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Allergan Inc., the Irvine-based maker of Botox, eye drugs and other products, won a round in court last week in a patent battle over its Latisse eyelash grower.
A federal appeals court in Washington, D.C., reversed a lower court loss for Allergan and sent the case back to a federal district court in Santa Ana.
Allergan originally filed suit against several companies in 2009, including Athena Cosmetics Inc. of Henderson, Nev., and Cosmetic Alchemy LLC and Stella International LLC, both of Arizona.
The drug maker alleged those companies infringed upon Latisse’s patents or induced others to infringe, according to a Reuters report.
The district court initially dismissed the case, ruling that Allergan failed to prove it was injured by alleged patent infringement.
The appeals court, which specializes in patent cases, disagreed. Allergan had “plainly alleged an economic injury that was the result of an unfair business practice,” the court said.
An Allergan spokeswoman said the company was pleased with the ruling.
Allergan is no stranger to suing companies it believes are infringing on a patent for bimatoprost, Latisse’s active ingredient.
In 2007, Allergan filed a patent-infringement suit against seven companies over bimatoprost. In a Women’s Wear Daily article, officials representing the defendants said Allergan was trying to do “market cleansing” prior to introducing Latisse in 2009.
Latisse could face more competition. In July, the Food and Drug Administration said it received a request to market a generic version of Latisse via a patent challenge.
Regulators didn’t disclose the company. In September, Allergan said in court papers that Toronto generic drug maker Apotex Inc. filed a request to market a generic of Latisse.
Allergan’s patent covering bimatoprost expires in 2012. Latisse has other patents that stretch until 2024.
Latisse is a small but growing part of Allergan, which has yearly sales of $5 billion.
For the first quarter, Latisse accounted for $25.3 million in sales, up 34% from a year earlier.
Chief Executive David Pyott singled out Latisse in Allergan’s first-quarter conference call in early May.
Latisse’s performance during the quarter was attributed to promotional offers for doctors and consumers, Pyott said.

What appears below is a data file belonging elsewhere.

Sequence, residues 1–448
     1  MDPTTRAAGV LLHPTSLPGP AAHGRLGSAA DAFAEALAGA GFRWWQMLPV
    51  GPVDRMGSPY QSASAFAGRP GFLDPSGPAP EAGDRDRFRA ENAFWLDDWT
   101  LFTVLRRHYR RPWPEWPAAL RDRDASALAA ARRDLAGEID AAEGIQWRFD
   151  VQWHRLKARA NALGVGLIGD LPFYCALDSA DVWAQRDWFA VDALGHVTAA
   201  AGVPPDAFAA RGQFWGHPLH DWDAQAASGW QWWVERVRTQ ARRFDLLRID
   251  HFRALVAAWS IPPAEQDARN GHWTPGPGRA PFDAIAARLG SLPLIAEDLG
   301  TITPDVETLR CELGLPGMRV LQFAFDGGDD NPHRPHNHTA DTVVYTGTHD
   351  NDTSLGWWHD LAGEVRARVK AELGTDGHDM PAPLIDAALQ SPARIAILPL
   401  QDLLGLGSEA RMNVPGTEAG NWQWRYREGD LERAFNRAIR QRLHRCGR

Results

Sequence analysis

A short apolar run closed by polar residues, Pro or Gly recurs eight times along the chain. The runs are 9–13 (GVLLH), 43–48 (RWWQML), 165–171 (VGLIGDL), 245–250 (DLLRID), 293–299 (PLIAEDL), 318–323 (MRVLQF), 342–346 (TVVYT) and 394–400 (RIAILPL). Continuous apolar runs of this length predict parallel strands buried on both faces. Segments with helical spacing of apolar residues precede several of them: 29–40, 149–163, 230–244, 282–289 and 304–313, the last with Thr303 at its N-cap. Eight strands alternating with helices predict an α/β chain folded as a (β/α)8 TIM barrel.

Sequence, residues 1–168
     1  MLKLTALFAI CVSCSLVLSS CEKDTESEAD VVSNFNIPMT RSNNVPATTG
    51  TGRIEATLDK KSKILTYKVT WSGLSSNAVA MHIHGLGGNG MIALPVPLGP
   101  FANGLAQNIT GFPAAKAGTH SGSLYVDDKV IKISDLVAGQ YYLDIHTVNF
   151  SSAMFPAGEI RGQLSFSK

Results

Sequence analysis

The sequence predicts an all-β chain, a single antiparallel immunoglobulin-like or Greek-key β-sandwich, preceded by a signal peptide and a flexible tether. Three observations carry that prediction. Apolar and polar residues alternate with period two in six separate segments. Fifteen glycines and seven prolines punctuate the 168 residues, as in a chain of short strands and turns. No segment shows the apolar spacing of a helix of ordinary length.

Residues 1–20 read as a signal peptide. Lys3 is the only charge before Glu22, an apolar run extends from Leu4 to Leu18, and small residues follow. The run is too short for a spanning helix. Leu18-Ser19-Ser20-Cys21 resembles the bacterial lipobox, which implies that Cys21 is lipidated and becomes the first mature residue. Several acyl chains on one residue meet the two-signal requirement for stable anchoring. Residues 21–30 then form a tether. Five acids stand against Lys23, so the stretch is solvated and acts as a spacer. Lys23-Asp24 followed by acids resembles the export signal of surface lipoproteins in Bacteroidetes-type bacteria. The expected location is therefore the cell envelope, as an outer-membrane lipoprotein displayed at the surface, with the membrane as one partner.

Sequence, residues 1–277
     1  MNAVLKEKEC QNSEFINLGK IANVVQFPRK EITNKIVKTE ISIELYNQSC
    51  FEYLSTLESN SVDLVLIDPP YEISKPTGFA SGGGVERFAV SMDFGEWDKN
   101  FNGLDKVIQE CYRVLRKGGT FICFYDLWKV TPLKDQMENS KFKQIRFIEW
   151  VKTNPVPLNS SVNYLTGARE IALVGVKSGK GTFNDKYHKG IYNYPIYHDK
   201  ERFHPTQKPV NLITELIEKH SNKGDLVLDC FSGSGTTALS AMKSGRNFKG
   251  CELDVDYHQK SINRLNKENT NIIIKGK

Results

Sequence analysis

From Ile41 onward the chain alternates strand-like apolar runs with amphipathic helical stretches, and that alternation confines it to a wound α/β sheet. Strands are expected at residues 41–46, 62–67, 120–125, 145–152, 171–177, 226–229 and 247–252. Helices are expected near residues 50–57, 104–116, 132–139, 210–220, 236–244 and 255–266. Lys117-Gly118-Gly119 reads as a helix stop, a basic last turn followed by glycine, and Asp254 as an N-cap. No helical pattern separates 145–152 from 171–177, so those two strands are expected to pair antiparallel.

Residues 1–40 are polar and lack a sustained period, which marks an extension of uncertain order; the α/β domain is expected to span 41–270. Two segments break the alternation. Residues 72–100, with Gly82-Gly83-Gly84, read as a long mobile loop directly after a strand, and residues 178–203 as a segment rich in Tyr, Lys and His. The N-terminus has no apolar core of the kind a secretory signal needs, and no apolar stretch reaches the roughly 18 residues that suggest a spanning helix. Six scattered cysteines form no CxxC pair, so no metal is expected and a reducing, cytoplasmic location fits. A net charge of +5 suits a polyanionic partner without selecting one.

“Consumer research conducted at the end of last year pointed to the strong need to stimulate initial purchase as consumer satisfaction, having used the product, is high,” he said.
Allergan’s “experienced good uptake” for Latisse in Canada and just started selling the drug in three markets—Brazil, Hong Kong and Singapore—according to Pyott.
Mexican health regulators have approved a consumer campaign for the drug there, he said.
“Signs of Life”
Latisse is “finally showing some signs of life,” said Amit Hazan, an analyst who follows Allergan for New York investment bank Gleacher & Co., in a report on a survey he did with dermatologists.
Doctors that Hazan said he surveyed wrote an average of 39 prescriptions for Latisse, up 11% from a year earlier.
On Allergan’s call, Pyott suggested analysts should “stick to our guidance.”
“Don’t get too enthusiastic,” he said. “We’re happy this quarter finally was a good one after some disappointing ones, frankly.”
Allergan has projected full-year Latisse sales to come in at $100 million.
Latisse came about after Allergan found that bimatoprost, the active ingredient of its Lumigan glaucoma treatment, grew eyelashes.
Company officials have been high on the drug and what it could mean for the company.
Back when Latisse was released, Pyott said he expected it could do well because it was relatively inexpensive.
Allergan had projected Latisse’s average cost to a patient at $120, compared to $450 to $500 for Botox injections for wrinkles and $600 or more for injections of lower face wrinkle filler Juvéderm.
Latisse also is expected to draw customers to Allergan as young as in their late teens, compared to Botox’ 35 and older cosmetic customers, according to Pyott.
“This is a great traffic builder for” cosmetic surgeons, he said.